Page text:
U.S. man finds out he's an Arsenault — and the rest is history
Seattle native produced 4,000 page, 5-volume history of his family, which has roots on P.E.I.
An American man with roots in Prince Edward Island won a heritage award Tuesday night for his efforts in producing a family history.
Scott Arsenault Shane of Seattle, Wash., was honoured with the Mary Cornfoot Brehaut Award during the P.E.I. Museum and Heritage Foundation Awards. It recognized his significant genealogical work researching the Arsenault family.
Shane researched and wrote a five-volume history of his family, totalling 4,000 pages in all.
He didn't even know he was an Arsenault until he was in his late 30s and grew up thinking his grandfather's last name was Arnold. His grandparents changed their name when they moved from Vancouver to the U.S. in the early 1900s. His grandfather was originally from Egmont Bay, P.E.I., and left for the Klondike Gold Rush along with his brothers.
"A lot of people I know don't have any tie to their roots, to their history," he said. "So if anything this book can do, it can help people tie in to their past and then when they discover who those ancestors are, they'll realize they just aren't names on paper ... they were people who had hopes and dreams just like us."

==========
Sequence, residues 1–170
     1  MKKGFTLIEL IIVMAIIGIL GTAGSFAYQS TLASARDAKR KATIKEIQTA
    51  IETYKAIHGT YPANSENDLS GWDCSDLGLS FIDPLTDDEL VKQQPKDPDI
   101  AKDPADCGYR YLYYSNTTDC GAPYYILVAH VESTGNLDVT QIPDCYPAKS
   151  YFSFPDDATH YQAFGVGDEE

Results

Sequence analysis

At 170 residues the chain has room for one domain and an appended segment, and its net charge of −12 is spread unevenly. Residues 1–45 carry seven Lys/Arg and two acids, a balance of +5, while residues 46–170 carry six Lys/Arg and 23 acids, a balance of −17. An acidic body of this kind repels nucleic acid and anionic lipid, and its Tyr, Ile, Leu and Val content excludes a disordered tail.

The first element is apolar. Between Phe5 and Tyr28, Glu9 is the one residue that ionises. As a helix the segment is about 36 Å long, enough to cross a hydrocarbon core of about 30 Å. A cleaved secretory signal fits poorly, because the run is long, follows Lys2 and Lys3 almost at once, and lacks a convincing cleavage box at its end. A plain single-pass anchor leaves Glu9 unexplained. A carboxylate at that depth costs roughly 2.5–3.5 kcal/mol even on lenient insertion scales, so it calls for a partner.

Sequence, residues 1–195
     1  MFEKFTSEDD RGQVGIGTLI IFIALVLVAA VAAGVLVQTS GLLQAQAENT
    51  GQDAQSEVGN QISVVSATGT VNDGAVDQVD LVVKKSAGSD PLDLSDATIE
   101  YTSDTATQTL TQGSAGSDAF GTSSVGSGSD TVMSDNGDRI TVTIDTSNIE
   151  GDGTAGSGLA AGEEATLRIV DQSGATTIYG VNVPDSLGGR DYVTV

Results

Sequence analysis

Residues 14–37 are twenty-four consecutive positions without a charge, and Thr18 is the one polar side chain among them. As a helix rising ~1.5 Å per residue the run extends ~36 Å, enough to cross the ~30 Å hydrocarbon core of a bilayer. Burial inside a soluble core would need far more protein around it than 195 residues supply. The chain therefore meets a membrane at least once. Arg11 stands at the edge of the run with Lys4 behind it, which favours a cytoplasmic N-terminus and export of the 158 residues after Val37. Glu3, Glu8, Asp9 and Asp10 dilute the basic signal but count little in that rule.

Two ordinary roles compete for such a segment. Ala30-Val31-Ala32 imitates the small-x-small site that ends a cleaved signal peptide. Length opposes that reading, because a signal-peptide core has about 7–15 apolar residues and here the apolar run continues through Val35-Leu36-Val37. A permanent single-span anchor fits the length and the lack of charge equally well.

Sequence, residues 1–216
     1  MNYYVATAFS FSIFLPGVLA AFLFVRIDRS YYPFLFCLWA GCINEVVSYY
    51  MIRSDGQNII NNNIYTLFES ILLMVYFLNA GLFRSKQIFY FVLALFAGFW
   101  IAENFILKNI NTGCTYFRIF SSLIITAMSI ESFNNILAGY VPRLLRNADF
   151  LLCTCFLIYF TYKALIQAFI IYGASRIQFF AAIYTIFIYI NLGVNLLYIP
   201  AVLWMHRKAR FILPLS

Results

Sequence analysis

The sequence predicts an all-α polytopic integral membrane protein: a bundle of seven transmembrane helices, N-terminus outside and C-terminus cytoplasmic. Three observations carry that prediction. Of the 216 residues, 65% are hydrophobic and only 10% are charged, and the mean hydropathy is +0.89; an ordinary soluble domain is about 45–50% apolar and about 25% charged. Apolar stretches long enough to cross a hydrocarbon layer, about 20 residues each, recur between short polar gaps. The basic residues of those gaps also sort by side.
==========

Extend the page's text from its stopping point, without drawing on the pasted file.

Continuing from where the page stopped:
"The end of it is you feel like you're really a small part of something huge but it makes you feel great."
Shane said tracing the Arsenault line of his family tree took him four years to research and brought him to France several times, as well as New Brunswick, Nova Scotia, the Magdelen Islands and P.E.I.
Shane said he was proud to receive the award and it made all the time and effort even more worth it.
"I was so proud of the recognition, it made me feel like the work has purpose, it's valued," he said. "And that's all I can ask."
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With files from CBC Mainstreet P.E.I.